Valuing the greenhouse gas emissions from nuclear power: A critical survey
Benjamin K. Sovacool
Energy Governance Program, Centre on Asia and Globalisation, Lee Kuan Yew School of Public Policy, National University of Singapore, 469C Bukit Timah Road, Singapore 259772, Singapore (as of 2016: Science Policy Research Unit, University of Sussex, United Kingdom)
Received 25 February 2008, Accepted 21 April 2008, Available online 2 June 2008
link to original abstract: http://www.sciencedirect.com/science/article/pii/S0301421508001997
This article screens 103 lifecycle studies of greenhouse gas-equivalent emissions for nuclear power plants to identify a subset of the most current, original, and transparent studies.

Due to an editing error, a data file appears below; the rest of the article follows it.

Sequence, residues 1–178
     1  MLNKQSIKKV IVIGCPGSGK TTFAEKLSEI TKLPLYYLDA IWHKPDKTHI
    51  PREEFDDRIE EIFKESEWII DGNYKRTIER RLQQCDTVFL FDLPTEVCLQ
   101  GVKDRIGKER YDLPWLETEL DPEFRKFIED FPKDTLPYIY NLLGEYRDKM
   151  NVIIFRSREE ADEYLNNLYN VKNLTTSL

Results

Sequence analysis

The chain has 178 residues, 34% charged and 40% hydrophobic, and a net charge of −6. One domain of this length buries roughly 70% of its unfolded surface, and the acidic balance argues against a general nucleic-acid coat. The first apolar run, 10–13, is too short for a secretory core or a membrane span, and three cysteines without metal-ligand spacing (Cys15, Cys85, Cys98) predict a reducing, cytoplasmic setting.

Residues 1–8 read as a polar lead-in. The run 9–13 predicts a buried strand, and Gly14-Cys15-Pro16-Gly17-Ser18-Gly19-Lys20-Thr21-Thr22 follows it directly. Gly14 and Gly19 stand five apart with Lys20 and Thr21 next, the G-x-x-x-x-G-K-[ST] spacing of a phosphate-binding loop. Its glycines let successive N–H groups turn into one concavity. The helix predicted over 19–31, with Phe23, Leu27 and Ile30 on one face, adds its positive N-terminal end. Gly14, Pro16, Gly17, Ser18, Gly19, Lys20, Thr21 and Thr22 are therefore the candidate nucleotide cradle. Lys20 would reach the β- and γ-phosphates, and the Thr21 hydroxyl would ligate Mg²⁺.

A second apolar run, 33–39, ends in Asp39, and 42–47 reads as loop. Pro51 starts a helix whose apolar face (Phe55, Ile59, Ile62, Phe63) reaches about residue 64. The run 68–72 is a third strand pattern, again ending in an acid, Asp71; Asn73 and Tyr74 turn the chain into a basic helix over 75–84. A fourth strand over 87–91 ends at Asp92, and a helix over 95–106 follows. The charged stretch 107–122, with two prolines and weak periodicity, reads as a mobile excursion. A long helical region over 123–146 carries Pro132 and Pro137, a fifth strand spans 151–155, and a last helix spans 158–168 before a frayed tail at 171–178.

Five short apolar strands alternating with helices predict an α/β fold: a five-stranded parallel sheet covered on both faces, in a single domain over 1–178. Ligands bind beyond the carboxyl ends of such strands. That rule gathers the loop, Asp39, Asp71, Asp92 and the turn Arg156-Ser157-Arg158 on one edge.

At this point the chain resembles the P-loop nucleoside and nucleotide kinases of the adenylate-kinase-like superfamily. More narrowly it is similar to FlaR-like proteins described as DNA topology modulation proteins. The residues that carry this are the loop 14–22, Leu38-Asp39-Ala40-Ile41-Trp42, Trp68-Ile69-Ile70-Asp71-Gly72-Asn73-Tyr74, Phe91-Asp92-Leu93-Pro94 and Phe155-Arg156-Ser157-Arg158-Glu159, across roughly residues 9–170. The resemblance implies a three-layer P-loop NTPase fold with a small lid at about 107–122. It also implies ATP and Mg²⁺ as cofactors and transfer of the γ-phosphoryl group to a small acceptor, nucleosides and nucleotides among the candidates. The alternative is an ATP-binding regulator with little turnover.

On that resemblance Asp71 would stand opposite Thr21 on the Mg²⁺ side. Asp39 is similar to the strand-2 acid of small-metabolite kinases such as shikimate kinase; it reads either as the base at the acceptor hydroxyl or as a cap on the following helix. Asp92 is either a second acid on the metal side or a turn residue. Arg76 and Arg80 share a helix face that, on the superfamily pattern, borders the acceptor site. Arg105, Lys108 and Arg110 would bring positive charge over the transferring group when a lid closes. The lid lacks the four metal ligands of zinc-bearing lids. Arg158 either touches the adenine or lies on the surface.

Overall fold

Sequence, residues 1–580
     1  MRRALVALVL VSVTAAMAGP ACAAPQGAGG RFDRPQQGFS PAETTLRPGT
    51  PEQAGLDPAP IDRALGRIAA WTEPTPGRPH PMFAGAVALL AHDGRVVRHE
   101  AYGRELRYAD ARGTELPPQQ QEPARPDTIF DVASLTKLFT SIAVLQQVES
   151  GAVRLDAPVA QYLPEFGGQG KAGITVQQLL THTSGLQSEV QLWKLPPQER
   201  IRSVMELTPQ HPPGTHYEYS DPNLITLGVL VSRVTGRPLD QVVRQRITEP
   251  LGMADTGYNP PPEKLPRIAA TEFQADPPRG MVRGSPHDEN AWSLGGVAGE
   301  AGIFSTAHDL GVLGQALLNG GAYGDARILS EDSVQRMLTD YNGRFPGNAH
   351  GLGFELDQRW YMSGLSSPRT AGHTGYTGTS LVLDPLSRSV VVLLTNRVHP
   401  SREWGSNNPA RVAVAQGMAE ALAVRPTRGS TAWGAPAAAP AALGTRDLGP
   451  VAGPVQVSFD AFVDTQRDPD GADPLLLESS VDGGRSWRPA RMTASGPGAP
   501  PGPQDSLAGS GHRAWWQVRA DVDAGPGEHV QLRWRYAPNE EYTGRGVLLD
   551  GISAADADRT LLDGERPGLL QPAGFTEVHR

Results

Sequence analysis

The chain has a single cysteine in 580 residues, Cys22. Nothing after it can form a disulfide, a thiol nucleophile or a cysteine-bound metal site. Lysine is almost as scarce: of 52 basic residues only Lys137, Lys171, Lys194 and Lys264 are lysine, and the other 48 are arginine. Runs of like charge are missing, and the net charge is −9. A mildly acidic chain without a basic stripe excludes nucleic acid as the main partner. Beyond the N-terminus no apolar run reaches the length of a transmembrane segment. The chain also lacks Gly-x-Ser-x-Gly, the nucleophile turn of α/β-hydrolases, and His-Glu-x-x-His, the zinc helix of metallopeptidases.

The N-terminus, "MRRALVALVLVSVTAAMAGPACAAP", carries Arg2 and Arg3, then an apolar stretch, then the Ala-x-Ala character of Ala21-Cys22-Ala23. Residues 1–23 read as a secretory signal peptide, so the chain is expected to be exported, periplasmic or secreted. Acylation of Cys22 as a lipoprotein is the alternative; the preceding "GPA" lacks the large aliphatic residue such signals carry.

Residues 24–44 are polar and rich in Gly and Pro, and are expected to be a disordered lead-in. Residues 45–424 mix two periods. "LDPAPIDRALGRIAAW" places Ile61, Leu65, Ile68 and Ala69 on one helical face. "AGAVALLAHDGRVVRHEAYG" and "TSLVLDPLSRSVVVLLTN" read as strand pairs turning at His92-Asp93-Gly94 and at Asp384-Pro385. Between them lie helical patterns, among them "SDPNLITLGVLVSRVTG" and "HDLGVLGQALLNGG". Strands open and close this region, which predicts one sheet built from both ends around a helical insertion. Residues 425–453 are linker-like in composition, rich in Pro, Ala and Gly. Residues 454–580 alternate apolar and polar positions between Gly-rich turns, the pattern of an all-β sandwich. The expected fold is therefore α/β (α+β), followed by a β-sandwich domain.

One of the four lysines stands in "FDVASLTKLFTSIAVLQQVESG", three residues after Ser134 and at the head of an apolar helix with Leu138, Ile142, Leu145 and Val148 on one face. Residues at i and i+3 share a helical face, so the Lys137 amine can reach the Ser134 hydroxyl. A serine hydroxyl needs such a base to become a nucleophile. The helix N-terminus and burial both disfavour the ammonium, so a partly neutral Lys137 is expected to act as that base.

It begins by briefly detailing the separate components of the nuclear fuel cycle before explaining the methodology of the survey and exploring the variance of lifecycle estimates. It calculates that while the range of emissions for nuclear energy over the lifetime of a plant, reported from qualified studies examined, is from 1.4 g of carbon dioxide equivalent per kWh (g CO2e/kWh) to 288 g CO2e/kWh, the mean value is 66 g CO2e/kWh. The article then explains some of the factors responsible for the disparity in lifecycle estimates, in particular identifying errors in both the lowest estimates (not comprehensive) and the highest estimates (failure to consider co-products). It should be noted that nuclear power is not directly emitting greenhouse gas emissions, but rather that lifecycle emissions occur through plant construction, operation, uranium mining and milling, and plant decommissioning.